A Different Sort of Father’s Day

“Any man can be a father.  It takes someone special to be a dad.”
– Anonymous

My Dad:

Taught me how to dance.

Taught me how to hunt and shoot.

Read to me throughout my childhood (starting with The Monster at the End of this Book and working up through The Hunchback of Notre Dame ).

Sent me letters and notes whenever he traveled all throughout my freshman year of university.  I got messages on hotel letterhead from the middle east and postcards from Germany.  I looked forward to those letters more than I did to buying new books!

Loves his family and has never, ever been hesitant to show it.

Dragged me up Saturday mornings to do chores.  I hated it.  I’m also planning on making my kids do the same because in retrospect, that’s when he taught me lessons about hard work and finishing jobs.

Unless physically out of the country, he was at every piano recital that I can remember.

Taught me how to drive.  He reduced me to terrified tears teaching me how to start a manual on a steep jungle road, but let me tell you, I can now drive anything!

Has answered every question I’ve ever asked and never brushed them off.

Is the best man I know.

When I was three or four, I gave my dad a little trinket and told him, “You’re the best dad I ever had!”  He must have chuckled a bit at that, but twenty years later he still has that trinket tucked away in the box with his father’s watch, cufflinks, and medals.  And he’s still the best dad I ever had.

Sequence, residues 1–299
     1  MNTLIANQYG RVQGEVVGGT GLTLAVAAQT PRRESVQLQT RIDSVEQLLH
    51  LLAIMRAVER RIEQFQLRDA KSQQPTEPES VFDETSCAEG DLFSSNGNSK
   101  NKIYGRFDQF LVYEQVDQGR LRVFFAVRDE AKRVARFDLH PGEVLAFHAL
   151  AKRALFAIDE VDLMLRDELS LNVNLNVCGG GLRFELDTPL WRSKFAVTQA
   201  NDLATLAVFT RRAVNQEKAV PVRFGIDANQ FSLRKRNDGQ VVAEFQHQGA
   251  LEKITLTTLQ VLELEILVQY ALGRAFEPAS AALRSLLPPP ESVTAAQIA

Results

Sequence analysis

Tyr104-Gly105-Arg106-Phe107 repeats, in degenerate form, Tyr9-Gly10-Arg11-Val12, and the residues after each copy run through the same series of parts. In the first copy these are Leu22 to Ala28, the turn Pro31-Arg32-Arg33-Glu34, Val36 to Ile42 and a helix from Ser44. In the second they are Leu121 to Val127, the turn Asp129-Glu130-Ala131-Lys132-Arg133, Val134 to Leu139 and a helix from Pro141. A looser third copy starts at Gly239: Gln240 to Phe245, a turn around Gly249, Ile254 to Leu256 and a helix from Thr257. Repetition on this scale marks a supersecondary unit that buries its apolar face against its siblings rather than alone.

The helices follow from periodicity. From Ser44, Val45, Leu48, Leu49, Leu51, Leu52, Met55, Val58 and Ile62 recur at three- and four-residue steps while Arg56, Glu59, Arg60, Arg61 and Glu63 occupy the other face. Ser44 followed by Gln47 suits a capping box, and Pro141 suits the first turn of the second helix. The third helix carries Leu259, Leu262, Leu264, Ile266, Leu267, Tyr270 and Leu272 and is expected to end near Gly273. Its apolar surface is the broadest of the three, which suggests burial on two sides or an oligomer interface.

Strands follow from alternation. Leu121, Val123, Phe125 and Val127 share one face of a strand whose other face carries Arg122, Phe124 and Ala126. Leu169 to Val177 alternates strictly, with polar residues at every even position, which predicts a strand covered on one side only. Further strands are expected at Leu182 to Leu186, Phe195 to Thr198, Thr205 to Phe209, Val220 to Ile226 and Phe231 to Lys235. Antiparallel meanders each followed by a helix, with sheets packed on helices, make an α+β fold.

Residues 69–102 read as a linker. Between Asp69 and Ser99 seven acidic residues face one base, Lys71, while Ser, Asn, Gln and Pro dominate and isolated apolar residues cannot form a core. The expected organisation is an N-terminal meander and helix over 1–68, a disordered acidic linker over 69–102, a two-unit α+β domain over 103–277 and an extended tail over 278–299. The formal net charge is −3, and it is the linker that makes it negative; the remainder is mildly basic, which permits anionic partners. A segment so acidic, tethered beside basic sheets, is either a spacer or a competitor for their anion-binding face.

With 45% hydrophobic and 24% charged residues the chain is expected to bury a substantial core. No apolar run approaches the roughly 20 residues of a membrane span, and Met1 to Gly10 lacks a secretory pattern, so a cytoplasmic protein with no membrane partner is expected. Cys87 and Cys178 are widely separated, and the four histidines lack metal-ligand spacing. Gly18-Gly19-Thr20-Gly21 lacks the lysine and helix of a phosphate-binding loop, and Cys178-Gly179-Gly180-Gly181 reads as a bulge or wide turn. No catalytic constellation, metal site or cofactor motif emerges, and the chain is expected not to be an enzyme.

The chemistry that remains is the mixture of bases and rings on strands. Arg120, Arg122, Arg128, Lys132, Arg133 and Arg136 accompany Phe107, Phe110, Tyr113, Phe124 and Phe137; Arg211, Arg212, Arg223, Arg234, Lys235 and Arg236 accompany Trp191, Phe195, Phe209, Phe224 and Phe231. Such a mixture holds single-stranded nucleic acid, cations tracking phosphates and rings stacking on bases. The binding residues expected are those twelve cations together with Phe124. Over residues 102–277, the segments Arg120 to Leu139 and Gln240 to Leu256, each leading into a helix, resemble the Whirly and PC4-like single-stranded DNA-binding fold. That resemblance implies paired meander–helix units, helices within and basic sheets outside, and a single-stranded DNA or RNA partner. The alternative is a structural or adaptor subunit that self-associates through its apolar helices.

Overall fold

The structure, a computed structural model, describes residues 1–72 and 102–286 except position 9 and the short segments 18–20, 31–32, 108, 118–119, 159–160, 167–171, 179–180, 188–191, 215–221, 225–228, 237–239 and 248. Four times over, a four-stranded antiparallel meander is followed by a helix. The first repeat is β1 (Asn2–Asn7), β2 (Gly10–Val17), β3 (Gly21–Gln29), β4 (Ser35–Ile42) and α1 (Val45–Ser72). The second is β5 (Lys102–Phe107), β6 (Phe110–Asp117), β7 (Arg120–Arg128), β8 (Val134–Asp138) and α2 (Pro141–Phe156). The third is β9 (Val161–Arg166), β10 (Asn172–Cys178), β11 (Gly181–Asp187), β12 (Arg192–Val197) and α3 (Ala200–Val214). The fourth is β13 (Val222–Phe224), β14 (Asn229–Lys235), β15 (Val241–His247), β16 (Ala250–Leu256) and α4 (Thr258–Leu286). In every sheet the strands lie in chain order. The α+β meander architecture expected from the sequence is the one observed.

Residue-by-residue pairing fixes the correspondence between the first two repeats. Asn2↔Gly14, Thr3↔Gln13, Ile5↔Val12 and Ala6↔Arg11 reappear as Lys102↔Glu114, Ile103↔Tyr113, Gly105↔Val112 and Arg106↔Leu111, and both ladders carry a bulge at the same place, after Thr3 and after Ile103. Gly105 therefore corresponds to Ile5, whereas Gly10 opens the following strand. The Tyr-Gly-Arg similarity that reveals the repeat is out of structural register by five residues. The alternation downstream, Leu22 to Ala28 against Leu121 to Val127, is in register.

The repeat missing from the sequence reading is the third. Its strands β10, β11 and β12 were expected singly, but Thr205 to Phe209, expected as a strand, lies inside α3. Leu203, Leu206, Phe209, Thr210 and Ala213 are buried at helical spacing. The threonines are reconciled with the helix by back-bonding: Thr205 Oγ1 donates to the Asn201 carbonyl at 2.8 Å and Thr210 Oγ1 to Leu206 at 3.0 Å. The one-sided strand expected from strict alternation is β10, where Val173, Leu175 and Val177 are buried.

Happy birthday, Dad.

4 thoughts on “A Different Sort of Father’s Day”

  1. Lucky you. Lucky him. This explains why you married so young…having a great Dad shows you the good in men. He sounds like a sweetie!

    My Dad tried to teach me to drive in the parking lot of a grade school in Lunenburg, NS. WE drove in hopeless circles with horrified small children looking on — wondering why an adult (I was then in my mid-20s) was so inept behind the wheel.

    My Dad has been a wretch and a reprobate at times, but unfailingly interesting, talented and elegant.

    1. I’d never thought of it that way, but I think you’re spot on. I’ve been very lucky about the men in my life, starting with my father. My dad I suppose was rather dull, with occasional flashes of side-splitting funny and brilliance, but he was (and is) good. That’s all, but that’s everything.

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